The only semblance of a toilet in the cells were small holes in the floor and precence of mould was everywhere.
The jail is notorious for the guards’ brutal treatment of prisoners and even a state-sponsored massacre of those held there in the early 1980s.
On June 27, 1980 following an Islamist Muslim Brotherhood assassination attempt on the then president, Hafez al-Assad.
The day after the attempted attack, the president’s brother Rifaat al-Assad ordered the country’s Defence Brigades to enter the jail and butcher the prisoners.
It is estimated that more than one thousand people were killed in the cells, dormitories and corridors of the prison.
Inmates stand on the prison roof during a rebellion in Alcacuz jail
Riot police were called into the prison to quell a gang uprising in 2017
Fighting and murder between rival gangs is a common occurrence in the prison
The rotting jail at Alcuaz in Brazil is renowned for its utter savagery and was once the centre of a sprawling prison riot in which numerous abominations were committed and 26 prisoners were murdered.
Located in the crime ridden city of Natal, the prison has been closely fought over for years by rival drug cartels – the First Capital Command (PCC) from Sao Paulo and Rio de Janeiro’s Red Command – who often order executions from inside the jail.
Inside the iron cage, nobody is truly safe from the gang war with hostage situations involving guards common.
The most violent episode that occurred at the facility took place in 2017 and is still remembered as the darkest period in Brazilian justice.
After the facility was completely taken over by the gangs, armed riot police stormed the prison and fought them in a guerilla war.
Grim footage from the aftermath of the riot showed severed heads of gang members strewn across the prison yard, their blood congealing with the dust underfoot.
Other videos depicted gang members chopping the heads off their rivals, slicing their hearts out and disemboweling them.
Bogota District Prison, Columbia
Colombia’s Bogota District prison is divided into six blocks
Inmates are left to run the jail entirely by themselves
Restricted to a central courtyard all day a strict hierarchy has emerged with fights common
Whilst the effects of solitary confinement can render even the most stoic of inmates nutty, there are some prisons around the world where criminals would beg for a bit of private space.
Bogota District Prison in Columbia is one such institution – a cavernous block of a building where 11,000 prisoners are left to fend for themselves.
Split into six wings inmates are confined to a central courtyard all day where a strict and violent hierarchy is enforced by the prisoners themselves.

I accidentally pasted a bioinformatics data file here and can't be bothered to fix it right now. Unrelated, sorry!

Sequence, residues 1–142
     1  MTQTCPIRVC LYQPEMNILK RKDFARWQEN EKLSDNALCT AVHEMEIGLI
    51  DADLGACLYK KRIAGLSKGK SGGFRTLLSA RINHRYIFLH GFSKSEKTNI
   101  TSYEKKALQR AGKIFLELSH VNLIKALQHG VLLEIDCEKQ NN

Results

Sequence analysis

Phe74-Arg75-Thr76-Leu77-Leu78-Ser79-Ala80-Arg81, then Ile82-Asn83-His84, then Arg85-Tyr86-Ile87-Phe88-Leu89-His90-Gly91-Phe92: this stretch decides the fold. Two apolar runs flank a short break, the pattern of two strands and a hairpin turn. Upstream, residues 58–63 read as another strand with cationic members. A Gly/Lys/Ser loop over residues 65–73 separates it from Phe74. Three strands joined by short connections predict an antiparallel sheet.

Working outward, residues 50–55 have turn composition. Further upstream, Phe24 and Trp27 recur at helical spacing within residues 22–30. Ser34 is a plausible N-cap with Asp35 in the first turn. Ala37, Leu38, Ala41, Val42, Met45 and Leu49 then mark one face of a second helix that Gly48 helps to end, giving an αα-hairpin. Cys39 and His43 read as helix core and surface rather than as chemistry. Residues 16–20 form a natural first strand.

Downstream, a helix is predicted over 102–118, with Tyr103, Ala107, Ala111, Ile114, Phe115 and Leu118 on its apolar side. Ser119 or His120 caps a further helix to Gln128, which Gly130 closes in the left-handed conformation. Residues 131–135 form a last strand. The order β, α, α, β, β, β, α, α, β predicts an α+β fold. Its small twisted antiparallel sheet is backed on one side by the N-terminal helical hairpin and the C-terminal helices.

Populated by hitmen, drug lords and murderers, fights, stabbings and even murders are commonplace within the walls as the guards do not police inside the jail itself.
When they do, things can turn pretty grisly fairly particular with a protest against the coronavirus measures in 2020 where residents set fire to their mattresses ending with the death of 23 inmates.
In 2016, an investigation was launched after human remains of some 100 visitors and inmates were found festering in the prison drain pipes.
It was famously featured on Netflix’s Inside the World’s Toughest Prisons where host Raphael Rowe was threatened at knife point on his first day in the prison if he would not give up his bed.
ADX Florence, USA
The ADX Supermax Prison in Florence, Colorado is a state of the art isolation prison
Nobody has ever escaped from the facility which is guarded by 12ft high razor wire fences, laser-beams, pressure pads and attack dogs
Prisoners are restricted to the small cells with only a small slit for a window
ADX Supermax Florence is thought to be the most secure prison in the world and houses the most dangerous inmates in the U.S. prison system including terrorists, gang leaders and neo-Nazis.
Currently the prison houses 322 inmates – the majority of whom are kept in solitary confinement.
Located in in Fremont Country, Colorado, the imposing fortress of solitude has been labelled the ‘Alcatraz of the Rockies’ and for good reason.
Nobody has ever escaped from the 35-acre site which is guarded by 12ft high razor wire fences, laser-beams, pressure pads and attack dogs.
As any thought of leaving the facility is futile, the nefarious inmates locked inside have little to do with their time in an environment where home comforts are non existent.
Inmates are kept in cells measuring 7ft by 12ft for 23 hours a day. The bed, desk and stool are immovable and cast from poured concrete.
Each cell has a slit window with a view onto an inner courtyard and a patch of sky.
They can play games of bingo alone in their cells. The winners get chocolate bars, or the right to have their picture taken and sent to their family.
Wardens have previously told the European Convention on Human Rights that daily exercise is taken in pens measuring 12ft by 20ft, containing pull-up bars and footballs.
Indoor exercise is held alone in a windowless hall with a vaulted ceiling, likened to an empty swimming pool.
Better behaved prisoners are granted extra privileges, with the best behaved given five hours of phone calls a month and the right to eat together out of their cells.
Photos show the Melekhovo colony in Vladimir region of Russia which has been dogged by allegations of systematic torture and sexual violence
The facility is famous for torture and sexual violence
Former convict Ivan Fomin, then 29, claimed that the governor of the colony, Roman Sahakyan, had forced him to refuse a lawyer with threats. He witnessed another inmate being punched in the stomach and beaten with piping
Unfortunately for rule breaking Russians (or those on Putin’s hit list), the seclusion of the Black Dolphin isn’t the only terrifying prison in Russia.
The maximum security penal colony at Melekhovo is known for brutal beatings and the rape of male inmates
Independent media outlet Mediazona last year revealed allegations of systematic torture and sexual violence at the facility known as correctional colony No. 6.
Former convict Ivan Fomin, then 29, claimed that the governor of the colony, Roman Sahakyan, had forced him to refuse a lawyer with threats.